Lessons from Dell’s Dedication on Twitter
This post is part of the Twitter for Brands Series, which features winning strategies from the top brand pages on Twitter and provides tips on how to emulate their successes.
Dell is dedicated to customer service on Twitter, which explains why the company’s accounts boast millions of followers. The brand uses social media the right way: To connect with people, address their concerns, and participate in meaningful conversations.
And unlike many companies, Dell finds a way to actually make its Twitter presence profitable. Let’s check out what methods Dell uses to maintain its influence in the Twittersphere.
Setting Up Specific, Targeted Accounts
Dell’s main Twitter page has 35,596 followers and is updated multiple times daily with company news and industry information. The @DellOutlet handle, which lets customers know about deals and discounts, has over 1.5 million followers. When it’s not tweeting about promotions, it’s answering customers’ questions and dealing with issues, often apologizing for less than satisfactory service.
The account @DellCares, which has 18,771 followers, is strictly for replying to customers and their concerns. There’s also @DellEvents (1,880 followers), which is dedicated to posting about upcoming events and webinars, @Dell4Good (2,025), which focuses on Dell’s corporate responsibility, and @Direct2Dell (18,468), which features headlines from the company’s official blog.
As Jennifer Van Grove of Mashable writes, “Dell’s all-hands-on-deck approach to Twitter demonstrates that you need to serve your customers how they want to be served.”
By splitting up accounts, the brand is more effectively reaching its customers. It’s not spamming Twitter feeds with useless information or the company’s replies to disgruntled customers. People have choices when deciding how they want to follow it. What a person in the computer industry cares about may not be what the average customer finds interesting.
Listening to Customers
The fact that Dell has more than one account that deals with customers proves that it takes its relationship with them very seriously. Stefanie Nelson, a program manager at Dell said, “Listening helped us identify gaps and find better ways of meeting customer expectations.”
She also said that the company’s representatives engage with customers, often in a personal manner and from their own accounts (her handle is @StefanieatDell, for example).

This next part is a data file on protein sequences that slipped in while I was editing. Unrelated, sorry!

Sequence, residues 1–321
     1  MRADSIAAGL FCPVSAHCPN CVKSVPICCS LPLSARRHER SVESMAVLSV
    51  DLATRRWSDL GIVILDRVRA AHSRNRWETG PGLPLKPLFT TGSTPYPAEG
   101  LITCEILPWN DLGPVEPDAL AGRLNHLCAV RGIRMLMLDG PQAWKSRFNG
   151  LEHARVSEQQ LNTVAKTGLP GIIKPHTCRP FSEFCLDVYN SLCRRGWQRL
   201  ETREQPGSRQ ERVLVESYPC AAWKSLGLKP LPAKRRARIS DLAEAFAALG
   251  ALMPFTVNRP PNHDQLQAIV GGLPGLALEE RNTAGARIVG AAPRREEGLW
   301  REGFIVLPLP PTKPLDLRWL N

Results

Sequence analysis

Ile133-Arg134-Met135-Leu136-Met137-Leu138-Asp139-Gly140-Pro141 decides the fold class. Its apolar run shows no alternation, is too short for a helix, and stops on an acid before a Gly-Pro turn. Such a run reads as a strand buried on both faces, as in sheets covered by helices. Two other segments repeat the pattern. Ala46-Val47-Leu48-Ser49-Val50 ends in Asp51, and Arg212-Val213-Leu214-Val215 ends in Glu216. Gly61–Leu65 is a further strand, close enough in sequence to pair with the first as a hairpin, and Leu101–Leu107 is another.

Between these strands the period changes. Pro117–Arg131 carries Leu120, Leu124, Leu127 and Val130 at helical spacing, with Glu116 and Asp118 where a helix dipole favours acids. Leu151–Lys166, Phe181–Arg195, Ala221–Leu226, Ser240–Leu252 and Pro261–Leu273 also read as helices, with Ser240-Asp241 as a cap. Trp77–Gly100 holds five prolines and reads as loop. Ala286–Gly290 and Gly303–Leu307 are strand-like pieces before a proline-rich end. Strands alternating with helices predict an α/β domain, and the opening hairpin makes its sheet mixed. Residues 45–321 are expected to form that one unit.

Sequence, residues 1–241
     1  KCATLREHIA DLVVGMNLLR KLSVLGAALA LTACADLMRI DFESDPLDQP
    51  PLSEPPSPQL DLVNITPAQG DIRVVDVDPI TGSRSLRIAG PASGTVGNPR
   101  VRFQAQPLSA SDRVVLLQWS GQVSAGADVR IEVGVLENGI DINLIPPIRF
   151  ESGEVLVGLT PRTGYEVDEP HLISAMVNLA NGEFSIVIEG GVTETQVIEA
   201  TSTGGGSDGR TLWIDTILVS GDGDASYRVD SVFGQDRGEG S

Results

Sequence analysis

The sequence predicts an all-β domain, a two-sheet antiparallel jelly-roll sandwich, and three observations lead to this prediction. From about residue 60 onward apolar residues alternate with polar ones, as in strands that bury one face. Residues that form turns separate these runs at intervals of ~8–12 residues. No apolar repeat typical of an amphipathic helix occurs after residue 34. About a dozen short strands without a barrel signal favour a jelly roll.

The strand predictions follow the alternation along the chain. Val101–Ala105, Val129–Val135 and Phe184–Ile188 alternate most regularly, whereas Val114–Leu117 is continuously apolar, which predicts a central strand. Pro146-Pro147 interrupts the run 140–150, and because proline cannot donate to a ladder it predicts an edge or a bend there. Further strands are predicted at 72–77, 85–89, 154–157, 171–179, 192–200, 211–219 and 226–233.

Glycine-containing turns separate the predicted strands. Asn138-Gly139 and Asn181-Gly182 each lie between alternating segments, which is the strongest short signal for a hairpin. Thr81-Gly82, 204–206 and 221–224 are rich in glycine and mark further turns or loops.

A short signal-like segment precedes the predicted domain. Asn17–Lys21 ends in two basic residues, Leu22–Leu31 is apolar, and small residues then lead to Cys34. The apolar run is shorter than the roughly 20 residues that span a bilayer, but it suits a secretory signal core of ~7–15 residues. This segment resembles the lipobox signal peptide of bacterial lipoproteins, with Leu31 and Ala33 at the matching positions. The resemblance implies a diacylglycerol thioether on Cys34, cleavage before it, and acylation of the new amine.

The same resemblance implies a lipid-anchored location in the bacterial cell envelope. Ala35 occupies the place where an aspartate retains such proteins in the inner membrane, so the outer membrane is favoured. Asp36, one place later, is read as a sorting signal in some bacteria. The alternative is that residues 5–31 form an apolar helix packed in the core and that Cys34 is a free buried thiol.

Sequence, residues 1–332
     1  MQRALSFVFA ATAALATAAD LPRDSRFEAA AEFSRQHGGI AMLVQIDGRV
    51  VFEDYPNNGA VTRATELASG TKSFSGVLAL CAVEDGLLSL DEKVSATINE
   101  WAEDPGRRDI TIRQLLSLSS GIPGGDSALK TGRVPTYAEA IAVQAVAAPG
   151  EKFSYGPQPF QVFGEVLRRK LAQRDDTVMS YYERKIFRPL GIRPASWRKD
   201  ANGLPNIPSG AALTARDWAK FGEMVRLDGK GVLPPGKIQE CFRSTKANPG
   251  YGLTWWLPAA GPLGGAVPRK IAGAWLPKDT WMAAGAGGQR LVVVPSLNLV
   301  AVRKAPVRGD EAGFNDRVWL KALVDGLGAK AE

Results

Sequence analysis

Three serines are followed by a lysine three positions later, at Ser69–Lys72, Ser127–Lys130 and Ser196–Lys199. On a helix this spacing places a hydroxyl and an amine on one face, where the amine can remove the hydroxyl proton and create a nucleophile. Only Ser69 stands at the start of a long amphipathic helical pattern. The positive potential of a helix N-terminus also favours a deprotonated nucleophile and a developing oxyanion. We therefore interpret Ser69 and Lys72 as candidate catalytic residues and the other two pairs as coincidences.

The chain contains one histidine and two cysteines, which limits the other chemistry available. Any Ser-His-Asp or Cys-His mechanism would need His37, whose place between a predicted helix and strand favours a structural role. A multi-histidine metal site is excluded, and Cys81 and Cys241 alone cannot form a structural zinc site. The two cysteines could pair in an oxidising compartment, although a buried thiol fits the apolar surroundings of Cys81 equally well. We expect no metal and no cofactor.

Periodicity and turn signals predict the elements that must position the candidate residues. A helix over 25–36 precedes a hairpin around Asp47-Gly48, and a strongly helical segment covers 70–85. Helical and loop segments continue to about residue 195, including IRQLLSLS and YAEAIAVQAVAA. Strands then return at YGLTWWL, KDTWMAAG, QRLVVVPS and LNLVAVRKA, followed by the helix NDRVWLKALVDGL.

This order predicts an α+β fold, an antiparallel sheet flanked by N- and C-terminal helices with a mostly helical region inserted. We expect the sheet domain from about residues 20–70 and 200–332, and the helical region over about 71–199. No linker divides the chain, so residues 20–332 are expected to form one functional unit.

Responding to questions, lending out useful information, and taking care of issues are top priorities for the company on Twitter.
“Dell’s goal has always been to be an online leader and connect with customers wherever they are,” Senior Manager for Corporate Affairs Richard Binhammer told Mashable. “It starts with listening and connecting with customers across the web. This has proven to be invaluable to our business through the years. We see social media connections as a means to further strengthen those direct customer relationships.”
This strategy helped the company generate $6 million in revenue in 2010. Along with customer engagement, Nelson said that having a clear plan of action that will help “move inventory bubbles quickly.” She also said her company identified its target audience as “price-conscious US residents in the market for a computer.”
Personalization of the Twitter Account
Blogger Kevin O’Keefe writes that Twitter is a place to build trust and relationships. He says the reason the site “works so well as a both an information moving vehicle and a relationship builder is because we know who is on the other end of the line” through profile pictures, tweets, biographies, and any information someone shares about him or herself.
However, when it’s not clear who is behind a Twitter handle, the trust vanishes, and the relationship will be doomed to fail.
Dell insists that all its employees use handles, just as Nelson does, with the company and their name in it. According to O’Keefe, Binhammer, who is known is @RichardatDell, says the company does this to ensure transparency.
People don’t want to interact with automated robots, either in person, on the phone, or on social media sites. They appreciate one-on-one conversations and being treated as they would if they were at a Dell store. On the side of every one of Dell’s Twitter accounts is a bar that shows the pictures and initials of the person/people running the page. If customers have issues, they at least can see who they are talking to and feel like their concerns are personally dealt with.
“Go where your customers congregate, whether it be Facebook or Twitter or elsewhere, and participate in those conversations,” Binhammer said. “Listen to your customers in the blogosphere. What they have to say is vitally important to your business.”